The ability to move applications between clouds, meanwhile, is key to maintaining optimum performance. The transition should be seamless. And when utilising the same underlying platform for both public and private clouds, moving applications between the two is much simpler. It makes the borders between cloud environments all but invisible to users and IT alike. 

The channel can also compare the cost of running an application in the public and private cloud to ensure the best cost optimisation for each application. This may change over time as the lifecycle of the application evolves so the partner can continue to evaluate the effectiveness of the environment and manage any changes needed. 

Managing multi-cloud sprawl

Costs, resources, and license considerations can often lead to multi-cloud sprawl when organisations end up running and managing workloads and applications across more than one cloud provider. A unified cloud plane is recommended for deploying and managing workloads seamlessly across multiple cloud infrastructure providers. A trusted channel partner is key to negotiating resource optimisation and cloud strategy across multiple hyperscalers on an on-going basis.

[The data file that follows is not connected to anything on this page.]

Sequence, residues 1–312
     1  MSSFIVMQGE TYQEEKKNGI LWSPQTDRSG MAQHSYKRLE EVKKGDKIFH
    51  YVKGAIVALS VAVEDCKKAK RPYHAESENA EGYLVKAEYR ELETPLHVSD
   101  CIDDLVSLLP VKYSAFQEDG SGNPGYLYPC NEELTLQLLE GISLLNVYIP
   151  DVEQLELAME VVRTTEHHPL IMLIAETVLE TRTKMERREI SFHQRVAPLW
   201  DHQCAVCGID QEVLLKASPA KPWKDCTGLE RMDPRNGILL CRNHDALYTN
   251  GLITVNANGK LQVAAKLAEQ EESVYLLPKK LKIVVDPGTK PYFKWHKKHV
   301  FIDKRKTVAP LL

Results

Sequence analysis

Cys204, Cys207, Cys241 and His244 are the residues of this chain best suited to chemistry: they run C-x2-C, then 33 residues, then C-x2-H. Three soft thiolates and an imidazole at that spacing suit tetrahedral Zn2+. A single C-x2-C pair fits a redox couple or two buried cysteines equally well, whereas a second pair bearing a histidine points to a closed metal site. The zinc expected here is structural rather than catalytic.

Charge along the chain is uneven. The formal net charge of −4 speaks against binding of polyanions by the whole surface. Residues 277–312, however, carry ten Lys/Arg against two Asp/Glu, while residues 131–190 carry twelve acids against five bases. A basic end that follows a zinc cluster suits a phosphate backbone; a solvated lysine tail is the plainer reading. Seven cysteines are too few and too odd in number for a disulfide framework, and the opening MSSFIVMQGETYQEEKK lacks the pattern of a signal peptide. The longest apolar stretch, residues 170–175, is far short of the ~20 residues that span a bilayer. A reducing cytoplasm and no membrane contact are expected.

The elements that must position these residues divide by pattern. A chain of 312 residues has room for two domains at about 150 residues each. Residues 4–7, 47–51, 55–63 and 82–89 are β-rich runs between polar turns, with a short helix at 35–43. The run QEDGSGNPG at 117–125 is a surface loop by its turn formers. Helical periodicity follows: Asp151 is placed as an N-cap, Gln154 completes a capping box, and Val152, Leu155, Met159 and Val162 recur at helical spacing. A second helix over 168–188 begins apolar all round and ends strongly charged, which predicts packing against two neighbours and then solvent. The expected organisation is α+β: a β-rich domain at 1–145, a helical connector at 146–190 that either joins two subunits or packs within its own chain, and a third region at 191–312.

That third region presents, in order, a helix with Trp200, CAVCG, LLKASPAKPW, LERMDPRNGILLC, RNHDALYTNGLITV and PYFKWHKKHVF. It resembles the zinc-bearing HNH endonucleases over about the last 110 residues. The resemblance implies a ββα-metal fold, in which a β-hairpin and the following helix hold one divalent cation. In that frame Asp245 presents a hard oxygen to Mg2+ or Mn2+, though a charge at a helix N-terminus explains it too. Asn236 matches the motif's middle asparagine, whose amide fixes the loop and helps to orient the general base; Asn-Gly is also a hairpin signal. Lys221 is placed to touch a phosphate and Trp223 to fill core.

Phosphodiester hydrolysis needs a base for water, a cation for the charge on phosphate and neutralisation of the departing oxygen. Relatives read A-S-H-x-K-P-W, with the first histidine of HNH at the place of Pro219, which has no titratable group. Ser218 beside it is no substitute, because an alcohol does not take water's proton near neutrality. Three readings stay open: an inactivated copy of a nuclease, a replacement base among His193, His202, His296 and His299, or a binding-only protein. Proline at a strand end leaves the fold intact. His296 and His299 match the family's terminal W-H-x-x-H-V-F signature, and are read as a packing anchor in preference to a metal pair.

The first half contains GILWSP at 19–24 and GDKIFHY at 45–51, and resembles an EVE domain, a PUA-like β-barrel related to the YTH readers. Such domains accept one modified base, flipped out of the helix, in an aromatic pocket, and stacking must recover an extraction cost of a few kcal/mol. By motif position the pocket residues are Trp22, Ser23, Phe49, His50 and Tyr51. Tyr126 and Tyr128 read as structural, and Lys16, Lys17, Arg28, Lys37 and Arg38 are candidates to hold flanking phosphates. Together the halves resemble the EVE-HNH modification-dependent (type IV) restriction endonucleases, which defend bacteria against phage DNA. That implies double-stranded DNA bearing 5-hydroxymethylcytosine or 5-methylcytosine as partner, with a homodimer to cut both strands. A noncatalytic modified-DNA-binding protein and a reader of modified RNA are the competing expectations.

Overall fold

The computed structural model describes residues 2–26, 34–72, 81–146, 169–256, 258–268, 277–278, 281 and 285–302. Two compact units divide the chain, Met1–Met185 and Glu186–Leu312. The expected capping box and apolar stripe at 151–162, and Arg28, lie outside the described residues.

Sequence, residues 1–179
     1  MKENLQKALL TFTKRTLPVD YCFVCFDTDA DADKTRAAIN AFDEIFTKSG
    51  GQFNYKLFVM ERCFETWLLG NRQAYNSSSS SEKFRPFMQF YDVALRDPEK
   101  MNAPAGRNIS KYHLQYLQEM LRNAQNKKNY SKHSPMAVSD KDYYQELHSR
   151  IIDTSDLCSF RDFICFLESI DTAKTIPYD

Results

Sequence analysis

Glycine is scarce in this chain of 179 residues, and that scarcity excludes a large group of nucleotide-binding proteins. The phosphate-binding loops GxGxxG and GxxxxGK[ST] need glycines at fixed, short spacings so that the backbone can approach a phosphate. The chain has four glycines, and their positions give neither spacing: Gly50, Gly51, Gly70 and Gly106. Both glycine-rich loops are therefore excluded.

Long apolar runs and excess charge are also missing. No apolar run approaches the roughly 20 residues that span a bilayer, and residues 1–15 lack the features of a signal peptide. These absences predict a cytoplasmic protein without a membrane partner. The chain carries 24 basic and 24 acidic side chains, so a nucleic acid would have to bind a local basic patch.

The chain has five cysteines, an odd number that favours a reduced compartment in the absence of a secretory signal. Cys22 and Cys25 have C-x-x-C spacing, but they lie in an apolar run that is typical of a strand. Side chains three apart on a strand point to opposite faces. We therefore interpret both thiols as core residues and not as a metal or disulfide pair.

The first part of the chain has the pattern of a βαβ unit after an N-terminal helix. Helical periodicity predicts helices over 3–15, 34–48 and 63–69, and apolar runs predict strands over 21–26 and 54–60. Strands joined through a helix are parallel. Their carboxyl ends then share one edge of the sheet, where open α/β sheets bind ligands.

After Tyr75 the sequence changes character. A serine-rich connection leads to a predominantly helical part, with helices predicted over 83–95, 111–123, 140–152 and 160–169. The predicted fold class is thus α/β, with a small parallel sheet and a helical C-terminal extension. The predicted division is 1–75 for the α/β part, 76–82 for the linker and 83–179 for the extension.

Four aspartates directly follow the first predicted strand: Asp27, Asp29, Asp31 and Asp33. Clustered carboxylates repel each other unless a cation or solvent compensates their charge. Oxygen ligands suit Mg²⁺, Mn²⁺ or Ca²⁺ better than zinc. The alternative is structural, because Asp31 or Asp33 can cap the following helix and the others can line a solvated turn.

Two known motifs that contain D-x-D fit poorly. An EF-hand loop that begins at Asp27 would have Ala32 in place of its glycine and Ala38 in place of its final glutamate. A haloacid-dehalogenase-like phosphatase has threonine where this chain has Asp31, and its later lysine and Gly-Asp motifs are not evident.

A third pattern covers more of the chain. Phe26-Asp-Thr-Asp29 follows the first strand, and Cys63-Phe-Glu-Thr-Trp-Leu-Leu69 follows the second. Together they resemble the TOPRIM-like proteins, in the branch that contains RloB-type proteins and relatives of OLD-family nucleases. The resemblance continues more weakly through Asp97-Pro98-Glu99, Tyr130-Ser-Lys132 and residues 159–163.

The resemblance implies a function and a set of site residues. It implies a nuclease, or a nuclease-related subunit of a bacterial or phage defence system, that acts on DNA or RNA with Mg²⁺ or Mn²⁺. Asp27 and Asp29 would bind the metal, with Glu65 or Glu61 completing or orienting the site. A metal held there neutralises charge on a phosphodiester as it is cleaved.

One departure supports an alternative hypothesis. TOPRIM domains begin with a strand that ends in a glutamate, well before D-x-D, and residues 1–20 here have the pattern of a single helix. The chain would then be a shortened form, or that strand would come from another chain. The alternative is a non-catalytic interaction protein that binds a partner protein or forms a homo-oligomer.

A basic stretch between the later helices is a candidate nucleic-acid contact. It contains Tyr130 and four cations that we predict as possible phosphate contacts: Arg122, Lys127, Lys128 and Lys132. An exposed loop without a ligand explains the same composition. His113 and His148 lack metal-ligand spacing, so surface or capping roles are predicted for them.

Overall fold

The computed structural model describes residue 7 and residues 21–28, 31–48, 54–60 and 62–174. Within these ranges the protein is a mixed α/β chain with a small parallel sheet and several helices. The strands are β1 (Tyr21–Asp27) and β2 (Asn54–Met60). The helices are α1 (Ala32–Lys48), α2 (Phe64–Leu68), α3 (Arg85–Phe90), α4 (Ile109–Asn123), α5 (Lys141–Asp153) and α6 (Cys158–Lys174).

Cataloguing tools are also essential for any business with a hybrid cloud environment. When testing or developing in the public cloud, it’s all too easy for a business to open a new instance and then forget about it once the application is moved into production. If these aren’t closed down there can be a nasty surprise when the invoice is received. An effective catalogue allows organisations to see what they have open and close anything that isn’t being used.

Implementing safeguards

Partners can help ensure that as they move to a hybrid cloud model, their customers’ security models are consistently applied across both on-premise and on cloud infrastructure. There’s a perception of loss of security control when moving data and applications to hyperscale cloud infrastructure. Organisations can mitigate security risks by maintaining full security control and keeping a consistent security plane across the on-premise and cloud worlds. Customers benefit from the consistent application of policy across multiple locations, in addition to the ability to audit, report, and remediate any inconsistencies.

By being able to use the same underlying software-driven infrastructure platform in private and public clouds, you mitigate the risk of blind spots. A unified management plane also helps to ensure your customer’s security policies can be set from one plane for both on-premise and public cloud infrastructure, which is more efficient and therefore more secure than having to manage two different environments.

Relying on a partner’s knowledge is crucial to not only identify the right hybrid environment for the business, but also to deploy the best management tools. Significant progress has been made over the past year when it comes to digital transformation. But now isn’t the time to slow down - enterprises should continue investing in technology to innovate and enable workforces to be more effective. There’s no one-size-fits-all when it comes to the cloud, which is why engaging with a trusted partner and deploying the right tools to manage the infrastructure is paramount.

Christian Alvarez is senior vice president of worldwide channels with Nutanix